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Mother of all breaks

Updated: Aug 3, 2019

Moab's a great destination... as all the hotels, motels and restaurants prove. Lots to do here

Tonight is my second night in the small town of Moab – which doesn't stand for "Mother of all Bombs" as my RAF-mate Martin insists. I think it's probably Biblical in origin. I'm here partly to kill time and avoid killing tyres but also partly because... well, I want to be here. I fancy a day without putting on hundreds of miles. I need a break and this is a nice town.

It also has two national parks outside - Arches and Canyonland - plus a state park, Dead Horse Point... Yes, this is the wild west. It's very civilised, though. There are heaps of motels and hotels and restaurants, plus shops selling trinkets to tourists and any number of companies offering tours - by jeep, ATV, raft, airplane... This is a proper outdoors tourist town, like Keswick but with even bigger scenery.

I aim, optimistically, to visit both National Parks. I've paid my $80 dollars for the annual pass that'll let me visit them both so I'm damn sure I'm going to get my money's worth... Except, of course, there's no way to pack two such vast visitor experiences into a single day. I start with Arches and even the approach road blows me away – if each National Park is a song that's been written to sing the praises of the natural landscape, this one has the best intro ever...

Squinting into the sun at Park Avenue, Arches National Park

The rest of the park is every bit as special. It's not as huge as the Grand Canyon, nor as strange as Bryce Canyon – but in some ways it's even better, because the crazy rocky desert has elements of both of the others, but they're right on top of you here. The landscape seems to get much more up-close-and-personal here. It's staggering, looming over me whenever I get off the bike. With huge rocks, patches of scrubby grass and stunted trees sprouting out of the sand, it's the kind of landscape where I half-expect to spot a young William Shatner fighting with a man in a rubber lizard mask.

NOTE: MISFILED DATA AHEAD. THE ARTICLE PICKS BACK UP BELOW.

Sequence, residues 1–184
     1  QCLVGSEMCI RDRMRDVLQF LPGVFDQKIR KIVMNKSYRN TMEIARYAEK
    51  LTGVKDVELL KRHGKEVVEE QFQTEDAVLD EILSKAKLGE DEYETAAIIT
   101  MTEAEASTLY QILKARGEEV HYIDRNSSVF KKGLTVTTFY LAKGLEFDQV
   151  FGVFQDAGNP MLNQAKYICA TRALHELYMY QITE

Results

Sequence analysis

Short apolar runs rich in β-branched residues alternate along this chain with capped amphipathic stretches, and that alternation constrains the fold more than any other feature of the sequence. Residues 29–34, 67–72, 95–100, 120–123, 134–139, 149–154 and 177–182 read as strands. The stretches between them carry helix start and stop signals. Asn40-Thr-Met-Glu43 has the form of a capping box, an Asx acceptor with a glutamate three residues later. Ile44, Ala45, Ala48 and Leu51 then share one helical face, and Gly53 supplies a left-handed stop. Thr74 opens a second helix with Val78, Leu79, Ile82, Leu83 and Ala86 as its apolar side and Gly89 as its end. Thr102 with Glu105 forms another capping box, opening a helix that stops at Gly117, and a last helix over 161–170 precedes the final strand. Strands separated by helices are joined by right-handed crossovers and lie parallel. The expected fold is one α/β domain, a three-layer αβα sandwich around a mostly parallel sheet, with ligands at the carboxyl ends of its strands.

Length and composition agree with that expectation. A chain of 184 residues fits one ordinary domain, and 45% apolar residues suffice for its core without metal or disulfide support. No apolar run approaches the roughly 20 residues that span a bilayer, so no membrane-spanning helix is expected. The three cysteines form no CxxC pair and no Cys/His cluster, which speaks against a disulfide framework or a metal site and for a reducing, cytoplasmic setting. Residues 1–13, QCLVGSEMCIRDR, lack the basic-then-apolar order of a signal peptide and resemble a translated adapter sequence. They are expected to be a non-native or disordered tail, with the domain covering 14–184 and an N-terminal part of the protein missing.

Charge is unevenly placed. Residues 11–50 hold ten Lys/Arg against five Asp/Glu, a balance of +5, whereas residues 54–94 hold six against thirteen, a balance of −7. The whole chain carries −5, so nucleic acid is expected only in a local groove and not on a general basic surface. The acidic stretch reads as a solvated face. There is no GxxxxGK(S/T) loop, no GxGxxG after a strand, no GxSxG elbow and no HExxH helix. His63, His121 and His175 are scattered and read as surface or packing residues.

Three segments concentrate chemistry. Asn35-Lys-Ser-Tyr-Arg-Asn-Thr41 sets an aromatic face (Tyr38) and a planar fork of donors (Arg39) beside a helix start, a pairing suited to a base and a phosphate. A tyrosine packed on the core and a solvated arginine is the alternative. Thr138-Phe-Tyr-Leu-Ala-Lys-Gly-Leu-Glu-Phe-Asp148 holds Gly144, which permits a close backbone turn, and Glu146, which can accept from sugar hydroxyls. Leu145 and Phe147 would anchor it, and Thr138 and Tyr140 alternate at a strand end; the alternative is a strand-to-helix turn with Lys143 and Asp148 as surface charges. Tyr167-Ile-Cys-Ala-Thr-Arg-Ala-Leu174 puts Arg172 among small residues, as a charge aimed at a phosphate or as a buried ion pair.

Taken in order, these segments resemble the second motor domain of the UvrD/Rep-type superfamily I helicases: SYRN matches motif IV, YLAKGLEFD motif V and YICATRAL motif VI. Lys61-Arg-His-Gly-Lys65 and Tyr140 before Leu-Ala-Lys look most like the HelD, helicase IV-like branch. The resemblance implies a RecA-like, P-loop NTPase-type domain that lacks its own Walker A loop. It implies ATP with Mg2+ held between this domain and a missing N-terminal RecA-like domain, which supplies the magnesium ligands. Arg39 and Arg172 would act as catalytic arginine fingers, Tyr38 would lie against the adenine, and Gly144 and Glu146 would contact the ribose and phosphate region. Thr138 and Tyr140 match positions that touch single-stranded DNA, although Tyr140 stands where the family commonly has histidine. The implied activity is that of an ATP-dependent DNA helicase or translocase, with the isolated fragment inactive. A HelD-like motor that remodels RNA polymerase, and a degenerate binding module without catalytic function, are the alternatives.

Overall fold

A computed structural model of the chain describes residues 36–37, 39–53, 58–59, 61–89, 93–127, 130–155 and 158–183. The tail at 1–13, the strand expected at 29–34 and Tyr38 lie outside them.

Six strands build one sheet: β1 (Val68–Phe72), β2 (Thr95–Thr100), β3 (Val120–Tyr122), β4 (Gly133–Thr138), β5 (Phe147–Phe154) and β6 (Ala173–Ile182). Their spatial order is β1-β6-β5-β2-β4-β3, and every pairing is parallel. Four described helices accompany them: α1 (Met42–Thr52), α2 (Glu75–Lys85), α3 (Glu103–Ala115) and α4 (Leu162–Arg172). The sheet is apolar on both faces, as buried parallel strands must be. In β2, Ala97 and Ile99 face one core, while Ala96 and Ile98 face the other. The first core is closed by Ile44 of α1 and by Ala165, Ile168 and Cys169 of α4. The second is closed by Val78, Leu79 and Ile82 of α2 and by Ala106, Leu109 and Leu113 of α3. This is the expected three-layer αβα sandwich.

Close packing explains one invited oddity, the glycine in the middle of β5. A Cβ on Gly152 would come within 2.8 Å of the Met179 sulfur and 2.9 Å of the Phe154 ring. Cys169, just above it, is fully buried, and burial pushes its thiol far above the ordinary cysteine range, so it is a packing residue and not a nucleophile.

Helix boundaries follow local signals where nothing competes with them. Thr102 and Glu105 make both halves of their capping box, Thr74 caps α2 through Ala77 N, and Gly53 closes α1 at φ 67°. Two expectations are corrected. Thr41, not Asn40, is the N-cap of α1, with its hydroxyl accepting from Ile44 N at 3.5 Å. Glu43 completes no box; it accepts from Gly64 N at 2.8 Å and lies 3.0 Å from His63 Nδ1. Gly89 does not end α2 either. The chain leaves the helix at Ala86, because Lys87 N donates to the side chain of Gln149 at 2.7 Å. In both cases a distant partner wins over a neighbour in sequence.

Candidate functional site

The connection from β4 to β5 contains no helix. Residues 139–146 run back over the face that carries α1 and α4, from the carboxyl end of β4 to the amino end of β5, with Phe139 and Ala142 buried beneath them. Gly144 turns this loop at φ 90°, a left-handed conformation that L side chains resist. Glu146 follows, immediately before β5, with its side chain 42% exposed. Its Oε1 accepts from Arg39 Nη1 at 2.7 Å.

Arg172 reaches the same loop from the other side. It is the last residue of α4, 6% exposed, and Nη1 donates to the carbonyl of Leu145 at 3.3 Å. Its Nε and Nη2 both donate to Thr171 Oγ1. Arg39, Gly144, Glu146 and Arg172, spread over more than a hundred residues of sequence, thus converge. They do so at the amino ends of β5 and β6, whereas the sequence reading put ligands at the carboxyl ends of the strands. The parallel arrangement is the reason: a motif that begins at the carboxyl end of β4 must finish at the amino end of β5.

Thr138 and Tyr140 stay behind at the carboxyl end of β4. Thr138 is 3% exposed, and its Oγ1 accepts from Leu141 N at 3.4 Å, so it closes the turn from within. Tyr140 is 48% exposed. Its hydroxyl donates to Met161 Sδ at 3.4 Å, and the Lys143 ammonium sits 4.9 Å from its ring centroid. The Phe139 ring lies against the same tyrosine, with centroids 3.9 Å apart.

As with the other National Parks I've visited, it's deceptively huge – it's 18 miles from the entrance to the Devil's Garden at the end of the park road, with spurs leading off in several places. The attraction of the place is its collection (if that's the word) of rock arches. After a chat with Phil (1990 Harley Evo) from Portland in Oregon, I stump through the Devil's Garden to see the Landscape Arch. It is spectacular and I'd be more impressed if I wasn't melting in the heat. Plus all the visitors here seem to be German. I stop just short of the arch, in case one of them's put a towel on it already...

The trail leads through the Devil's Garden to the Landscape Arch (just visible in the background)

Balanced rock (screen end). Nobody sneeze...

I spend hours here, without noticing the time ebbing away. I don't mind. As well as the Devil's Garden, I visit the Garden of Eden, the Tower of Babel... as well as the Three Gossips, the Parade of Elephants and more – for these are the names of the most notable and strange rock formations. Just as I'm preparing to go, my usual weather jinx strikes and there's a little rain – but it's just a shower and it's wonderful, cooling and refreshing after the oppressive heat of the afternoon. I get back to the motel just as the heavens properly open. Hopefully tomorrow will be a dry day, as I'm moving on – in search of tyres...

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1 comentário

Fascinating landscapes, enjoyed the article, pictures and video.

$80 for a National Park pass seems to be a very worthy investment on a big trip like this.

I get some impression of the vastness and almost surreal rock formations from your post.

Good luck with the tyres (or tires in USA), what Sports Touring tyres are available for the big K out there?

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